Understand and Implement Your Own Redux

Posted by Nirmalya Ghosh on December 29, 2019

GSD

Discover the basic concepts of Redux and learn about actions, reducers, and a store in Redux. In addition, we’ll also build our own version of Redux using vanilla JavaScript and use it in an application. Our version of Redux will neither be production-ready nor have all the features and optimizations of Redux. However, it’ll help us understand how Redux works under the hood.

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What is Redux and why should you care about it?

Redux is one of the most popular Javascript State Management Libraries and mostly used with React, though it can be used with any other library or framework.  In an application, a state is like a global object which keeps a snapshot of the application’s data at that instance. If you want to trigger updates on separate components based on some action that the user performs, Redux makes it very easy with a function called a store. It’s a JavaScript object which keeps track of the whole application’s data.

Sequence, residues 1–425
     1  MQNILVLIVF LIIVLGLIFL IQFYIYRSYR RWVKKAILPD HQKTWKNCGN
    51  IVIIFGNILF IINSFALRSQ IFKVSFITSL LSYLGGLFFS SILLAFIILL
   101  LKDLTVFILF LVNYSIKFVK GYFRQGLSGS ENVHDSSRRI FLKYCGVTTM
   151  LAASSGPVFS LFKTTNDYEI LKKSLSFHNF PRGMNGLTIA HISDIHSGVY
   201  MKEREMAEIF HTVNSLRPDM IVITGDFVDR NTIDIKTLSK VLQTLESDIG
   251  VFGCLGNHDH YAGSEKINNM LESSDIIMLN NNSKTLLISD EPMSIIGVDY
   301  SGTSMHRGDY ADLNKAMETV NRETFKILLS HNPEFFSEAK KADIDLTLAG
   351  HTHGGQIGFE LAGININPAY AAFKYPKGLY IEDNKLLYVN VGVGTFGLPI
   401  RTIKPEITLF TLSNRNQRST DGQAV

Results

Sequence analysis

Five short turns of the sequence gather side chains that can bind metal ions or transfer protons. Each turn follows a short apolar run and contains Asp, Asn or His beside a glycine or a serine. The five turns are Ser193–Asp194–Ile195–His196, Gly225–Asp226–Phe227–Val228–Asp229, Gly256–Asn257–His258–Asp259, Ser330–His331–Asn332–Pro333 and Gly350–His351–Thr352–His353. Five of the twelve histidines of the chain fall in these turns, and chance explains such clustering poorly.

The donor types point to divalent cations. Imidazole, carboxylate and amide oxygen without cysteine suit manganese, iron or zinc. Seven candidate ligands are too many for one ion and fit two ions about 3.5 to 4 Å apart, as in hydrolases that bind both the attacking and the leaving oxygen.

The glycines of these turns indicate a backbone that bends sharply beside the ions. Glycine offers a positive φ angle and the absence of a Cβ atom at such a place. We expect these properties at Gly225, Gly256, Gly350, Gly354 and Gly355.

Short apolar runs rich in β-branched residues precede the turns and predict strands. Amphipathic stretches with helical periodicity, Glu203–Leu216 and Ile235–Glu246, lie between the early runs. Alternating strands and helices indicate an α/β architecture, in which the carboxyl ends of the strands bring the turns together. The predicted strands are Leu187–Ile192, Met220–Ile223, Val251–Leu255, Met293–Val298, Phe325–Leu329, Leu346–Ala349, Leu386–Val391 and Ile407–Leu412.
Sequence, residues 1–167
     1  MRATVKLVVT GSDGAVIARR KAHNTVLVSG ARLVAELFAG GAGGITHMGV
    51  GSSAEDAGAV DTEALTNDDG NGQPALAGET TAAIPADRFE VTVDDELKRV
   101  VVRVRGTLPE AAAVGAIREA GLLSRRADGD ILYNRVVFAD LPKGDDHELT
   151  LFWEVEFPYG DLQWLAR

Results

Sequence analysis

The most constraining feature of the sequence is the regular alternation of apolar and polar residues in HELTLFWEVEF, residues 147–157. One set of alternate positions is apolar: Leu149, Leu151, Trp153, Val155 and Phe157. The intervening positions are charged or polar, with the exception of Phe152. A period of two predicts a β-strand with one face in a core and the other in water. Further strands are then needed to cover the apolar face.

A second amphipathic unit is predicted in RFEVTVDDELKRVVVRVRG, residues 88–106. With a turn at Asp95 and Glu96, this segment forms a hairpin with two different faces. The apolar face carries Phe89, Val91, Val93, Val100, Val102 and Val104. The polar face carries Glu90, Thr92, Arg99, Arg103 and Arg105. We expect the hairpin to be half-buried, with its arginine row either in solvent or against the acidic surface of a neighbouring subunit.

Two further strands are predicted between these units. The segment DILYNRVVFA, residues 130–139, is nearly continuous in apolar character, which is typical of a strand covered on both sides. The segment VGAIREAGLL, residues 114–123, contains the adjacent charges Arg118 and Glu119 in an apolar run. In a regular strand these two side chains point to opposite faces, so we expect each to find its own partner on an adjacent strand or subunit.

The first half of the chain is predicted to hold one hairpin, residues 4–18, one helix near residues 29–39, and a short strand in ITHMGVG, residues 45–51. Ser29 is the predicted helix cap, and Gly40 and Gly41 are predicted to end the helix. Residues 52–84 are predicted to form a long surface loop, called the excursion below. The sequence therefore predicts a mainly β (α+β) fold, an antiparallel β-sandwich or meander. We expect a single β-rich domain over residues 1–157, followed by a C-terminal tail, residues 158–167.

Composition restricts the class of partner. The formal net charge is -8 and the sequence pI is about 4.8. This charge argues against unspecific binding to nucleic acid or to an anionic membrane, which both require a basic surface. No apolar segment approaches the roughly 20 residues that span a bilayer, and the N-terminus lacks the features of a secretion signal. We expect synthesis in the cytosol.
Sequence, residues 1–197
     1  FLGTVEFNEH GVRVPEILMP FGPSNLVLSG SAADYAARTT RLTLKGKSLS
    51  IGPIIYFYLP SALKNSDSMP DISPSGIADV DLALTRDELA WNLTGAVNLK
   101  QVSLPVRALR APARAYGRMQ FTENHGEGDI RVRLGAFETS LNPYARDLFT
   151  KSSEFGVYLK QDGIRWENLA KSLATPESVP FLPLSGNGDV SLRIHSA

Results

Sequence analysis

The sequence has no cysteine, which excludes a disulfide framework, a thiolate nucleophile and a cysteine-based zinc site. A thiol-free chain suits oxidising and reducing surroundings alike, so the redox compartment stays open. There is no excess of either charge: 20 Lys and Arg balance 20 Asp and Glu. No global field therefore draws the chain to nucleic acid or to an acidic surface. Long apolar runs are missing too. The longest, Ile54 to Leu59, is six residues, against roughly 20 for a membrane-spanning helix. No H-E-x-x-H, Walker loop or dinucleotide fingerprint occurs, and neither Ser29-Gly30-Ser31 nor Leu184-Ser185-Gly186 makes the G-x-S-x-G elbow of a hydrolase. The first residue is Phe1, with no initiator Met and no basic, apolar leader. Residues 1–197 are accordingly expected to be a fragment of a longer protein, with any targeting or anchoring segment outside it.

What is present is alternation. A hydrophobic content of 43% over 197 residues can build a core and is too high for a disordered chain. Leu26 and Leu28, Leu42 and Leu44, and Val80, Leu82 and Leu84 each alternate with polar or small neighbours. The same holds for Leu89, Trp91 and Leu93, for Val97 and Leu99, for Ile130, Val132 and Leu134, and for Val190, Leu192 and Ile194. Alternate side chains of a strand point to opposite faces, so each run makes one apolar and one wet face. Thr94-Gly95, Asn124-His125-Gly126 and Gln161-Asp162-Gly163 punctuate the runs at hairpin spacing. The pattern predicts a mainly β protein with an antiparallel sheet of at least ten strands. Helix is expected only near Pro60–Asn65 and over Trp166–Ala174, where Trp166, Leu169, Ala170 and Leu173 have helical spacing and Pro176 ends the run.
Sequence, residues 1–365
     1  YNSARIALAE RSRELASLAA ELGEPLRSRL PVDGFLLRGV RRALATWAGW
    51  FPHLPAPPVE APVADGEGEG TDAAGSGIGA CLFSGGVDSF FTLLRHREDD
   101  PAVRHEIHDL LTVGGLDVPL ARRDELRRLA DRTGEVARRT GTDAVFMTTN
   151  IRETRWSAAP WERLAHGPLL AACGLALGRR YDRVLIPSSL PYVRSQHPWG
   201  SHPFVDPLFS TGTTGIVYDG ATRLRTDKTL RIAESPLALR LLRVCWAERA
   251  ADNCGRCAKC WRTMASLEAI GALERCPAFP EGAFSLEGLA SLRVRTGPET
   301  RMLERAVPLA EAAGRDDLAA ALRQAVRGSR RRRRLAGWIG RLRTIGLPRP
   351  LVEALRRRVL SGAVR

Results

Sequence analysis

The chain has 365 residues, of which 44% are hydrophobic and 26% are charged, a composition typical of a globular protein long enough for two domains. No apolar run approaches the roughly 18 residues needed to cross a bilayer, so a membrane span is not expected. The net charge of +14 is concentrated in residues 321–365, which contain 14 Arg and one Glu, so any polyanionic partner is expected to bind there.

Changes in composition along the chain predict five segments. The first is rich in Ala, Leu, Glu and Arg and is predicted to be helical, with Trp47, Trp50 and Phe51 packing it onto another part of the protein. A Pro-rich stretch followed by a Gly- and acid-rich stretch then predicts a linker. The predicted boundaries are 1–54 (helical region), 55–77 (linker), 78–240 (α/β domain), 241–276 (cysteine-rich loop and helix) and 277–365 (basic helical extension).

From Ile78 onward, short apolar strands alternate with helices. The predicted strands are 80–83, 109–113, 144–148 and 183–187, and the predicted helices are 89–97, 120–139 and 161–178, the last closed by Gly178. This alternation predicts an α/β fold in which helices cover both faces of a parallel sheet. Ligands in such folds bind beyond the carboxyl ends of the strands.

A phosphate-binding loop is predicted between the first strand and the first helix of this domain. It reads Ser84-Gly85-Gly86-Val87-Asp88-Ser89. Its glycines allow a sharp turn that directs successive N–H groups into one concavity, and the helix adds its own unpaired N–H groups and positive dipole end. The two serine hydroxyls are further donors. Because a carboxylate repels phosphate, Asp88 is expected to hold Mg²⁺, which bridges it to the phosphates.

What is a store?

  • A store is an object which keeps track of the state of the whole application. In a Redux application, you can have only one store. The state of the store can be updated by dispatching an action (more on that later). The latest state of the store can be accessed by using the getState() function. If you want to segregate the store of one part of the application from another, you can split your different reducers. Your application can subscribe to the store in order to stay updated.

What are actions/action creators?

An action is the only way through which the store is updated. Generally, a payload is sent along with a type property while dispatching an action. Type is the only mandatory property that you'll have to send while dispatching an action. You can also send other properties as required to update your store. Actions don't have any logic regarding how to update the store.

What are reducers?

Reducers specify how the state of the store changes based on the actions dispatched by our application. Reducers contain the logic regarding how to update the store. The data is provided by the actions dispatched.